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Direct quote from Golang's website: "GDB does not understand Go programs well. The stack management, threading, and runtime contain aspects that differ enough from the execution model GDB expects that they can confuse the debugger and cause incorrect results even when the program is compiled with gccgo. As a consequence, although GDB can be useful in some situations (e.g., debugging Cgo code, or debugging the runtime itself), it is not a reliable debugger for Go programs, particularly heavily concurrent ones. Moreover, it is not a priority for the Go project to address these issues, which are difficult."

I'm also aware of projects such as IDAGolangHelper or other scripts to aid already established reverse engineering tools such as Ghidra in interpreting Golang binaries. Nevertheless, I would like to know assuming one prefers a self-containing debugging tool that is already successful in understanding the eccentric Go runtime, what will your choice(s) be? Also, I would appreciate any comments on Radare2's ability in handling Go binaries.

EDIT 1 (Clarification of Question): Assuming working on a x86_64 host it seems to me that QEMU's system mode is an essential part of the environment considering the fact that ptrace is not implemented in the QEMU's user mode. The other factor is obviously the libc implementation. For a dynamically-linked binary with the ld-musl-aarch64.so.1 interpreter this adds a Linux distribution with musl as the native libc implementation unless one wishes to build musl on a distribution already having glibc installed. So I guess my question would be what other functionalities (or tools) will you add to QEMU and Alpine?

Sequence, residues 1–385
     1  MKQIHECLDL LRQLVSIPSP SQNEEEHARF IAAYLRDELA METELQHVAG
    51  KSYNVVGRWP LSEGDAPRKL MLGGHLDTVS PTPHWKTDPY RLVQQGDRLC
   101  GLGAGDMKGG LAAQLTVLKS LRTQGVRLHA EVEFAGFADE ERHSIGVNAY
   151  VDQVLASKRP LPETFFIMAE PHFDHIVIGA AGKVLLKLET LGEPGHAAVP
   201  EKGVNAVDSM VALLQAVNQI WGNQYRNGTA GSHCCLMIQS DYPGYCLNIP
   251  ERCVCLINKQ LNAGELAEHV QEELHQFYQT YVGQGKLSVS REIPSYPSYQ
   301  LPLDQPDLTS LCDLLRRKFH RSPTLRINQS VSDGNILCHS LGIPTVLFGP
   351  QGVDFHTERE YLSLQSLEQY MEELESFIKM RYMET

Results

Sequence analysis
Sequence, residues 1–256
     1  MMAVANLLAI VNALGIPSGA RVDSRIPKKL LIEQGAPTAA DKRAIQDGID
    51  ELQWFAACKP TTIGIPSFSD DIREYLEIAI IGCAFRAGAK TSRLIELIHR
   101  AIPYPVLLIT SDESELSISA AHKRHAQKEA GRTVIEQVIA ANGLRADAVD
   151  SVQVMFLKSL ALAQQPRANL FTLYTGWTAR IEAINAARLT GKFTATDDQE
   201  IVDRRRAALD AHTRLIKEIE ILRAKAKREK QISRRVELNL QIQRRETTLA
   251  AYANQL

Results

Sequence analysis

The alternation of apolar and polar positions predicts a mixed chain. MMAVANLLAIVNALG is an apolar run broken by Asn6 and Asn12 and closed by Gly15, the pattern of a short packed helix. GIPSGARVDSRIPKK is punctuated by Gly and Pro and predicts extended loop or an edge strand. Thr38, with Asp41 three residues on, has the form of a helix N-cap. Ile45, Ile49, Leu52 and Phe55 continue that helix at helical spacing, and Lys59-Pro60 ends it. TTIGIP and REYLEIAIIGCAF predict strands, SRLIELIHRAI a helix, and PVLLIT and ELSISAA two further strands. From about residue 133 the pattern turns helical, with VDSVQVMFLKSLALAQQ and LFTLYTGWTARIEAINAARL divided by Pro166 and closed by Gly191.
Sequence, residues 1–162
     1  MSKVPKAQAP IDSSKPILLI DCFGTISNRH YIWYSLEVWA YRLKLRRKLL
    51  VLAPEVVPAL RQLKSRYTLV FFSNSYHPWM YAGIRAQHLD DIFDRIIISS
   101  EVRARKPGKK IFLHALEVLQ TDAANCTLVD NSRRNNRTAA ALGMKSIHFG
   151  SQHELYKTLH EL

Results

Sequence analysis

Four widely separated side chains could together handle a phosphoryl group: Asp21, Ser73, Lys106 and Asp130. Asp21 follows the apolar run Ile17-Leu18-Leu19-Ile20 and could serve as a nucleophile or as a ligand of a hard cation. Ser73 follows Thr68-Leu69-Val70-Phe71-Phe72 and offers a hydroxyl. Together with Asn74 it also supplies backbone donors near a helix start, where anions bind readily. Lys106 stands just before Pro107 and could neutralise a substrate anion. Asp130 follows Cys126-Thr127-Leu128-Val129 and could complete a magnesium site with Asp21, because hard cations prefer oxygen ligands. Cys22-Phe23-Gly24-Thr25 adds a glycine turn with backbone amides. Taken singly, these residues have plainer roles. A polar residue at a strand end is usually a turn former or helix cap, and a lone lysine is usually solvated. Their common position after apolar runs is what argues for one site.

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  • Intriguing question. I'm wondering if gVisor could be of help, because when dealing with a statically linked binary you end up talking to the kernel via the syscall interface. But potentially you end up in a catch 22 due to gVisor being written in Go itself. – 0xC0000022L Dec 7 '20 at 19:05
  • @0xC0000022L I just added some clarification – Newbie Dec 7 '20 at 19:16

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